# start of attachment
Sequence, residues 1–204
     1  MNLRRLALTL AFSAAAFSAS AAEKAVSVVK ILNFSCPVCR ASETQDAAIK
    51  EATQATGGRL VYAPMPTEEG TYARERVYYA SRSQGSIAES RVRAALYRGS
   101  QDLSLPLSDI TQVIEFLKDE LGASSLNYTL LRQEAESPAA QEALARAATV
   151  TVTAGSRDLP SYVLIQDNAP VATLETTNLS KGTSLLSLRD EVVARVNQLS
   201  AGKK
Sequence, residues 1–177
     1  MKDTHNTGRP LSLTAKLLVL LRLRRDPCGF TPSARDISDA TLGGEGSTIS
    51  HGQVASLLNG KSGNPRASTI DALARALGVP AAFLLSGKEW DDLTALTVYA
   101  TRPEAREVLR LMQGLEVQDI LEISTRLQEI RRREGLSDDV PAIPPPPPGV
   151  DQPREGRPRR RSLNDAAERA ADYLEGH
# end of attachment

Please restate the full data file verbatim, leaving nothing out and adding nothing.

Sequence, residues 1–204
     1  MNLRRLALTL AFSAAAFSAS AAEKAVSVVK ILNFSCPVCR ASETQDAAIK
    51  EATQATGGRL VYAPMPTEEG TYARERVYYA SRSQGSIAES RVRAALYRGS
   101  QDLSLPLSDI TQVIEFLKDE LGASSLNYTL LRQEAESPAA QEALARAATV
   151  TVTAGSRDLP SYVLIQDNAP VATLETTNLS KGTSLLSLRD EVVARVNQLS
   201  AGKK
Sequence, residues 1–177
     1  MKDTHNTGRP LSLTAKLLVL LRLRRDPCGF TPSARDISDA TLGGEGSTIS
    51  HGQVASLLNG KSGNPRASTI DALARALGVP AAFLLSGKEW DDLTALTVYA
   101  TRPEAREVLR LMQGLEVQDI LEISTRLQEI RRREGLSDDV PAIPPPPPGV
   151  DQPREGRPRR RSLNDAAERA ADYLEGH